Shopping advice - power supplies

Thread Starter

DraxDomax

Joined Apr 5, 2019
50
I am building my first lab and I think I will need a power supply. Was wondering if I can run my thinking through you guys and maybe ask a few questions, please!

1. Variable DC power supply - Budget: under £200.
I am pretty sure I'll need this. I've already looked at some circuits that require 24v.
So, I think a 0-30v supply should serve me well.

a. Do I want a linear or switching? I must say I like the idea of linear being "less noise", in case I want to do anything really sensitive
But finding a linear one without going to fully professional stuff ($$$$) seems impossible!
Is it possible that I could just put more money on a quality switching DC supply and end up with a noise level comparable or better than a cheap linear one?
b. Any product recommendations?

2. Fixed DC power supply - Budget: under £100
Most of the voltages I need are 5v, 3.3v and 12v - which an ATX power supply will provide at a pretty high standard (if it's good for a 7-Billion-Transistor CPU, it's good for my stupid 8 bit stuff).
I also like that a power supply based on an ATX box, will have a few channels. I could run something that needs 12v alongside something that needs 5v.
a. Is there a commercial product that offers a similar solution (3-channel=3.3,5&12, fixed power supply), or is this requirement not so interesting in the real world and I'll be looking to convert an ATX one?
 

Dodgydave

Joined Jun 22, 2012
9,169
As you said, an old Atx psu converted is ideal as most people on here will have one, as do i, also a switchmode psu 0 to 30V @ 10A will cover anything.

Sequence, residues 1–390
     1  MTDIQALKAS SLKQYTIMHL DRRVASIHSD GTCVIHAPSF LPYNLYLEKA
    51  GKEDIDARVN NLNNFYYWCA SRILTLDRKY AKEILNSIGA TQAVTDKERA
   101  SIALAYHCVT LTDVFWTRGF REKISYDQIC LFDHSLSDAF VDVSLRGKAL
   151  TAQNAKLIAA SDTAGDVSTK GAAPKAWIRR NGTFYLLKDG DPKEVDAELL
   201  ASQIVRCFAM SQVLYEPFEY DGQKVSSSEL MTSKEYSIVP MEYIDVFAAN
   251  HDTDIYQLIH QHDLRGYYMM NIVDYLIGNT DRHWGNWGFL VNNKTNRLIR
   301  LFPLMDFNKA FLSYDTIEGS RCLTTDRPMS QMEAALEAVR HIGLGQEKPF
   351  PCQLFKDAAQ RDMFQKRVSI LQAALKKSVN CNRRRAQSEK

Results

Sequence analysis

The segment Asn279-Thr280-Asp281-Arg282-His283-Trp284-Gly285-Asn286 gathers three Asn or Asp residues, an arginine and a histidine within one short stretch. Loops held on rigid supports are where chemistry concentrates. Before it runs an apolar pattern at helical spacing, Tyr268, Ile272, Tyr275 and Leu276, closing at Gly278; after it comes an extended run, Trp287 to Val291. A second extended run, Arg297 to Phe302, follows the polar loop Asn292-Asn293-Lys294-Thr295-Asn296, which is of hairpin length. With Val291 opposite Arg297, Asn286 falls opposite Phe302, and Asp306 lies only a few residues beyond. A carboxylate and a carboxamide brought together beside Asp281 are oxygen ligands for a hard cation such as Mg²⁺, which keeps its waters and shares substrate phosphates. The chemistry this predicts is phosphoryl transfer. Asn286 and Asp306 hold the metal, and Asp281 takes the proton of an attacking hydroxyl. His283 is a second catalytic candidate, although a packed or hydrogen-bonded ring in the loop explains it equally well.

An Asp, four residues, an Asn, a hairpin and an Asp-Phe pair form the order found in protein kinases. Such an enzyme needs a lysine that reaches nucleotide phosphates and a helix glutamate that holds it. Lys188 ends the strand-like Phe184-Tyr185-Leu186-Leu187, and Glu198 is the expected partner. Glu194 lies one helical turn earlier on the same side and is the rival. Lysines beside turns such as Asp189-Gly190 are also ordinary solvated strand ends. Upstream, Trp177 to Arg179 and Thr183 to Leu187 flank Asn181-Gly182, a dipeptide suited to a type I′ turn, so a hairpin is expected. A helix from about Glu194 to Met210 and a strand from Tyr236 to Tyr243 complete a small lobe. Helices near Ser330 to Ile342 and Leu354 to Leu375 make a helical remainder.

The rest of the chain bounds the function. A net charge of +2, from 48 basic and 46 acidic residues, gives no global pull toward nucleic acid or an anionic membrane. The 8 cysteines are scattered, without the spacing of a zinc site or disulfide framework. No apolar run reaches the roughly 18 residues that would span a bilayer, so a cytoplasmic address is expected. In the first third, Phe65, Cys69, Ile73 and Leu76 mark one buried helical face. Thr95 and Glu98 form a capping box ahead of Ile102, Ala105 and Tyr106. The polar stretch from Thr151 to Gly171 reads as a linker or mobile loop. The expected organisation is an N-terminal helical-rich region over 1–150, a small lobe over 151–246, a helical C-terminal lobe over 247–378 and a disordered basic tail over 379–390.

MrChips

Joined Oct 2, 2009
21,150
Build your own linear supply. It is a good way to gain design and construction experience.

Start off with a straight 5VDC 1A power supply.
 

MaxHeadRoom

Joined Jul 18, 2013
20,716
Build your own linear supply. It is a good way to gain design and construction experience.
Start off with a straight 5VDC 1A power supply.
+1
Buy a Toroidal with a basic secondary and it is easy to add other overwinds as needed.
I have often done this will P.S. for units in the field.
Max.
 

Thread Starter

DraxDomax

Joined Apr 5, 2019
50
I reckon I'll ask while it's hot, do you have a reference to a good project (220vac->5vdc linear power supply, designed for low-noise)?
More like looking to get an idea of what a high quality project looks like. I am sure there are lots of ways to get it done and some may be more effective than others.
I'll then study the applicable theory with that project in mind. I don't know a lot about coils but willing to learn- if the result is going to be a product in the same ballpark as a commercial solution.
 
Last edited:

dl324

Joined Mar 30, 2015
10,758
do you have a reference to a good project (220vac->5vdc linear power supply, designed for low-noise)?
Any linear regulator datasheet will have examples. You just need to provide the rectification and filtering part.

You seem to be overly concerned about noise. Why? I have a Heathkit Experimenter with a bi-polar adjustable supply and it's a crappy design with 150mV of ripple on the output. That has only caused me a problem once. I was testing a circuit that was sensitive to the supply noise and didn't work. After scratching my head awhile, I finally got around to checking the power rails. Switched to a better supply and moved on.
 

Attachments

MrChips

Joined Oct 2, 2009
21,150
Here is your basic 5VDC PSU circuit.
Use an LM309K 5V regulator in a TO-3 package.


1588342681701.png

You will need to include the following:

metal case
power cord with 0.5A fuse
power cord strain relief
on/off power switch
power indicator (LED and 1kΩ resistor at the +5V output)
two banana posts (red and black)
third banana post (green) if you want a floating supply
 

Thread Starter

DraxDomax

Joined Apr 5, 2019
50
"You seem to be overly concerned about noise. Why? "
It's a character defect. It does get occasionally out of hand.
Thanks for the ripple example. It helps put things in perspective.
 

dl324

Joined Mar 30, 2015
10,758
Some details about the circuit in #9.

It looks like a 12VAC CT transformer. That will give a peak voltage of 1.414*6V-0.7V=7.8V on the filter cap.

Regulators like LM7805 can have a drop out voltage of more than 2V (datasheet says 2V typical). So the circuit could be very sensitive to input ripple.

clipimage.jpg
 
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